Kept out of cavities and that the heat build-up above and within the fitting is minimized.
Typical fully closed back ‘fire rated’ down lighter typical standard open back down lighter
In situations where a selected design or style of down lighter is not available with integral fire protection,
additional protection may be fitted at the time of installation in the form of
A purpose made ‘fire hood’, an insulated fire protection box, or similar.
Detailed guidance on the selection of suitable types of down lighter for
Particular applications is given in the Electrical Safety Council’s Best
Practice Guide 5 – Electrical installations and their impact on the fire
Performance of buildings.
Mounting on normally flammable surfaces
Down lighters are classified according to whether or not they are
Suitable for direct mounting on normally flammable surfaces.
‘Normally flammable’ materials are those which have an ignition
temperature of at least 200 °C and which will not deform or weaken
at this temperature. Examples are wood and wood-based materials
of more than 2 mm thickness.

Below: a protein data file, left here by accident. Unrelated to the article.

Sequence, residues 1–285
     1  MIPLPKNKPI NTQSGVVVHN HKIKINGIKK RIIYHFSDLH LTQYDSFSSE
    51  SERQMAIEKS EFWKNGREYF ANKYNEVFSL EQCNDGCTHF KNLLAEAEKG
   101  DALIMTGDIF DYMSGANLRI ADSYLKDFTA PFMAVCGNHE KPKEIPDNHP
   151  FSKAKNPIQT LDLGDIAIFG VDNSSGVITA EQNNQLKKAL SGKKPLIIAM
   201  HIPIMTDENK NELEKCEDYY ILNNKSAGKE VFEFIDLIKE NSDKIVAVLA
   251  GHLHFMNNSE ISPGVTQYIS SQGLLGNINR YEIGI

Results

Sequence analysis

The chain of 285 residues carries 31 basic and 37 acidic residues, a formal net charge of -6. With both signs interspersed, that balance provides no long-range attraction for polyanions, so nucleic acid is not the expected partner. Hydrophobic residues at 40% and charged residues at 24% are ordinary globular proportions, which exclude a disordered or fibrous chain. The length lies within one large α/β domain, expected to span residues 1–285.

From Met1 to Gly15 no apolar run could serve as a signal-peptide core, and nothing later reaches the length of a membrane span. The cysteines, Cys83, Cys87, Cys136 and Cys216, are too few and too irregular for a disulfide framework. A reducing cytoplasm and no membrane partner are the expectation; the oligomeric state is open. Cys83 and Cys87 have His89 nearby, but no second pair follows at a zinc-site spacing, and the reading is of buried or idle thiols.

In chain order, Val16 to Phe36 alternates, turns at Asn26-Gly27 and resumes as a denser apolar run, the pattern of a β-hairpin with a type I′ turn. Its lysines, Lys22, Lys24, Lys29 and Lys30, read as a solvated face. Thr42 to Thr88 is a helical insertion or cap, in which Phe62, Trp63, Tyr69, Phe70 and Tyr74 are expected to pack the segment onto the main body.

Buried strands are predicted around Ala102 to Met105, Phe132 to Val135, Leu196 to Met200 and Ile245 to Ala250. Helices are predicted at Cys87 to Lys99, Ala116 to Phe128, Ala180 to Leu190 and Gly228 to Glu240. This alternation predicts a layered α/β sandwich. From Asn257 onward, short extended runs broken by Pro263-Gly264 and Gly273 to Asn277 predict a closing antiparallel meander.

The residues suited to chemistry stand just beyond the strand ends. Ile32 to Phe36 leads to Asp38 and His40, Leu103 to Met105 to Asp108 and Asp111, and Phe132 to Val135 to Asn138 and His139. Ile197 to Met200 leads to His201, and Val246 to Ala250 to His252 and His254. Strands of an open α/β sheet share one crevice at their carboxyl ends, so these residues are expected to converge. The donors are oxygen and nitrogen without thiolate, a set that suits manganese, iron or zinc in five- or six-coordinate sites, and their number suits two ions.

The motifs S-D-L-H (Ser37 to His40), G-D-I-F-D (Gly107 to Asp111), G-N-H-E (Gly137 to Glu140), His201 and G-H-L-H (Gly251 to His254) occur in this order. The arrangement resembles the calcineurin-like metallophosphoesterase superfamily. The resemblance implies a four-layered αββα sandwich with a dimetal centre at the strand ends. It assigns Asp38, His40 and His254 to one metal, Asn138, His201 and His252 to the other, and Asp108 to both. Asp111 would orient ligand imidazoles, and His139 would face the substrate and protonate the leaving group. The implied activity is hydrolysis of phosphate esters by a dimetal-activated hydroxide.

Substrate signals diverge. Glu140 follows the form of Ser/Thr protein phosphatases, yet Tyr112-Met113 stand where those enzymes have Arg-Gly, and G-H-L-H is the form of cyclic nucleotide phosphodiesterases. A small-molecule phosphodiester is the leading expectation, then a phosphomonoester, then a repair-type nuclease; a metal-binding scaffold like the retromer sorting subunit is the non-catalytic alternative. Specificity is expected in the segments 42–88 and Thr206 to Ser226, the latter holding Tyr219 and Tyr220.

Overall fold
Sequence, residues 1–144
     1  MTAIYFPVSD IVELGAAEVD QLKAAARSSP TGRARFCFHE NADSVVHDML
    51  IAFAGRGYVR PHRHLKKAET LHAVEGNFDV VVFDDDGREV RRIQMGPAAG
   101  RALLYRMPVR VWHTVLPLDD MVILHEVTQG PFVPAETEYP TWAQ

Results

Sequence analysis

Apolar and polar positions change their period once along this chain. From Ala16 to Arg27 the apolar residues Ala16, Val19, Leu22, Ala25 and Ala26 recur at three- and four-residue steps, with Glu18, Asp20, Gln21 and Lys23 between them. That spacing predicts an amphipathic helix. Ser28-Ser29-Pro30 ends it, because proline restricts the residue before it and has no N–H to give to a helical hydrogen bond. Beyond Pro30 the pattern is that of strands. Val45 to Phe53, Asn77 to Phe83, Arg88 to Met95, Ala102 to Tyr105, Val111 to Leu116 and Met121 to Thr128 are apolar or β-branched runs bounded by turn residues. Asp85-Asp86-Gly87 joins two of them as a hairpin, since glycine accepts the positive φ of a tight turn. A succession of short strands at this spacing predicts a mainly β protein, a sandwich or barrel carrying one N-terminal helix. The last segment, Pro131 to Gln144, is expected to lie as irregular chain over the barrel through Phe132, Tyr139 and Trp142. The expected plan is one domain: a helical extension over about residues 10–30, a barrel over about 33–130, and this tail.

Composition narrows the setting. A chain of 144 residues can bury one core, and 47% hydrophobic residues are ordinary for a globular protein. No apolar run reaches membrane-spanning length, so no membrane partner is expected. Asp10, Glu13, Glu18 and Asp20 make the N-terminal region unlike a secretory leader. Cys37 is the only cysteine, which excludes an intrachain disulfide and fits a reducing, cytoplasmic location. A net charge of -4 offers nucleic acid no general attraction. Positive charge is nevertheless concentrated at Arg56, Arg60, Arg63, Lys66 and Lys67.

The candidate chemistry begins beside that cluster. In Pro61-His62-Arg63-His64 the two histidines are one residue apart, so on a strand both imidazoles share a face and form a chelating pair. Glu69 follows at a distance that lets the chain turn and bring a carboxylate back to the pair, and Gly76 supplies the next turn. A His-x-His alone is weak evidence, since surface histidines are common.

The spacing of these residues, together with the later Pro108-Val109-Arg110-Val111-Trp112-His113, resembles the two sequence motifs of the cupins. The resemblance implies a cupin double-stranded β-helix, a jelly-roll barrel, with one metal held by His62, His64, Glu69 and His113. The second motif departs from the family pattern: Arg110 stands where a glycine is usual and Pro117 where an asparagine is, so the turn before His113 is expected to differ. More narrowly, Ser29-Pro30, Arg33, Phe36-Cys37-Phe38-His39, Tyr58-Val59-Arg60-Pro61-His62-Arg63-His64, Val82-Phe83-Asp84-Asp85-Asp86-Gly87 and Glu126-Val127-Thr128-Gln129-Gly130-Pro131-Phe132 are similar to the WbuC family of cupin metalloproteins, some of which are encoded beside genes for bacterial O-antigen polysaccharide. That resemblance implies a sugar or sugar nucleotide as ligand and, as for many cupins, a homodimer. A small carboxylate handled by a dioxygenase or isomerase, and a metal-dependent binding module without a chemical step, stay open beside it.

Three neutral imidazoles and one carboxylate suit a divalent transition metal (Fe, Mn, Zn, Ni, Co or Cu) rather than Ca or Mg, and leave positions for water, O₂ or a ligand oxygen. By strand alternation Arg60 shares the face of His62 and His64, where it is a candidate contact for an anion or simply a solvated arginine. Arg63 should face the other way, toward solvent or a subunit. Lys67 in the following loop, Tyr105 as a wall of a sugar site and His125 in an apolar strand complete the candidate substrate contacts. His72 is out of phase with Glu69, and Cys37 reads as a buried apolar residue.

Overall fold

Where a down lighter is suitable for direct mounting on
non-combustible surfaces only, either of these warning symbols
should be marked on the fitting.
Covering with thermal insulating materials
To avoid the risk of fire (as well as reduced lamp and service life) caused
by overheating, down lighters and any associated transformers must not
be covered by thermal insulation and need to be protected against
potential or future covering, unless they are specifically designed to
operate safely in this condition. Particular care must be taken where
loose-filled insulation is present, as this can be moved easily by drafts,
vermin, etc, and may then come into contact with the down lighter.
Down lighters marked with
Are suitable for covering with thermal insulation
Must not be covered with thermal insulation
Building Regulations do not prohibit the leaving of a small area around down lighters free from thermal
insulation where this is necessary to permit the dissipation of heat they generate. However, due
allowance for this should be made in the overall thermal and acoustic performance of the premises.
Alternatively, where access to the space above the down lighter can be achieved.
typical insulation support box Loft cover
In all cases, the manufacturer’s instructions supplied with the down lighter must be followed. The
manufacturer should specify, amongst other things, the amount of space to be left around the back of
the down lighter, its fire rating, whether the fitting can be covered with thermal insulation, and the
type/wattage of lamps that can be fitted.
ingress protection (iP) rating
Down lighters should be selected with the correct IP rating for the location in which they are to be